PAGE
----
Week of May 22, 2017 – May 26, 2017
The first day began with a tour of our new home for the summer, the Bindley Bioscience Center. Susan, our favorite administrative assistant, showed us around and gave us the basic safety training. The remaining hours of the day were spent designing universal promoters and ribosome binding sites, creating protocols for future assays, identifying methods for a lung mimic creation, and reviewing literature for identifying bacteria living in the lungs. We resuspended the DNA primers that we designed at the end of the day.
On Tuesday, we enjoyed writing our biographies for the Experiment campaign and the Wiki before continuing the work that we had started the previous day. We also contacted researchers studying bacteria in the lungs, asking for culture donations.
On Wednesday, we had our first team meeting with our advisor Dr. Rickus in which we presented the work of the week. We got feedback about our progress so far and experts we should contact for advice. We found five possible universal RBSs (see image below), all of which are novel to the iGEM registry, and ran them through a software that models transcription rates. A bill of materials was started and we contacted companies about discounts and in-kind donations. We also received an email from Dr. Weimer of the USDA, offering to donate Megasphaera elsdenii culture!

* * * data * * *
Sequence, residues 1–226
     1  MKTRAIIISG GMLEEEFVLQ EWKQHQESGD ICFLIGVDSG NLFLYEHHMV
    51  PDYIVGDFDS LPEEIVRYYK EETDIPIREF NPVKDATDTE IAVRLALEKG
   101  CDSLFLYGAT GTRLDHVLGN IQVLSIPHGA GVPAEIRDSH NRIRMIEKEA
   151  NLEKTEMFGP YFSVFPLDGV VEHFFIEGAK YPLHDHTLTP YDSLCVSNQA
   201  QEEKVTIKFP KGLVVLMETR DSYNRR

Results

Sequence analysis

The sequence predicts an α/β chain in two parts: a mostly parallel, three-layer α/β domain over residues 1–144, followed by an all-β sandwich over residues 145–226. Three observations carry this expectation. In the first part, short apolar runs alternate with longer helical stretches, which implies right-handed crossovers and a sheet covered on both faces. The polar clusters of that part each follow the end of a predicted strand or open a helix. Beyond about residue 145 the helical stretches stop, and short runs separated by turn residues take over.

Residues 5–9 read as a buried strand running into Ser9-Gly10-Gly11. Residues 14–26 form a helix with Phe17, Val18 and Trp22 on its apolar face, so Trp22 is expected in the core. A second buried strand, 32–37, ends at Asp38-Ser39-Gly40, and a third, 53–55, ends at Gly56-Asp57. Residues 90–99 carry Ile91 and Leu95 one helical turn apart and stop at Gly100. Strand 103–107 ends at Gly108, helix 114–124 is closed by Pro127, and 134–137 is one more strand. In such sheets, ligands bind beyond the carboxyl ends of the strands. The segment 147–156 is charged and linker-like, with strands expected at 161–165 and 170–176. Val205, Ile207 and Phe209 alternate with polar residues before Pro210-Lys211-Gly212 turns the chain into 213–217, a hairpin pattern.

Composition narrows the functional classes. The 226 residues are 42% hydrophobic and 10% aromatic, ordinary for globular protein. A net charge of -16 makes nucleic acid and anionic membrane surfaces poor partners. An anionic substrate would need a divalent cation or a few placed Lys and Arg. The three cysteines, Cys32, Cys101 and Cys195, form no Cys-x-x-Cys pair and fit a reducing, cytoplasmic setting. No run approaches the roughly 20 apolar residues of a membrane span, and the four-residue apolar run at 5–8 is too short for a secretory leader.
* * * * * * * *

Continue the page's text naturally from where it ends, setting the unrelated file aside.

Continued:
Thursday, we prepared for a meeting with our other advisor, Dr. Solomon, and graduate student advisors. At this meeting, he gave us more feedback about our work thus far and recommended other possible on-campus contacts. We wrote up more protocols for creating gene constructs, preserving bacteria, transport assays, benzene quantification, and in-vitro enzyme activity.
The beginning of Friday included our team meeting with Dr. Sors in which we discussed our project and he gave us some ideas for expert on-campus contacts who would be willing to help us with our project. Afterward, Kevin, Caleigh, and Archana met with Dr. Cooper from the Bindley Metabolite Profiling Center and received approval to use his gas chromatograph for our benzene, toluene, and xylene quantification protocol! Additionally, we decided upon a method for preserving bacterial cultures for long-term storage, created gBlocks from the universal ribosome binding sites, and completed more protocol writeups.
Universal Ribosome Binding Site WebLogo Plot: The above image shows potential universal ribosome binding sites found by comparing various RBSs from species of bacteria known to inhabit the lungs and throat, as well as other unrelated bacteria. Five sequences found are novel to the iGEM registry. This image was created with Berkeley’s WebLogo application.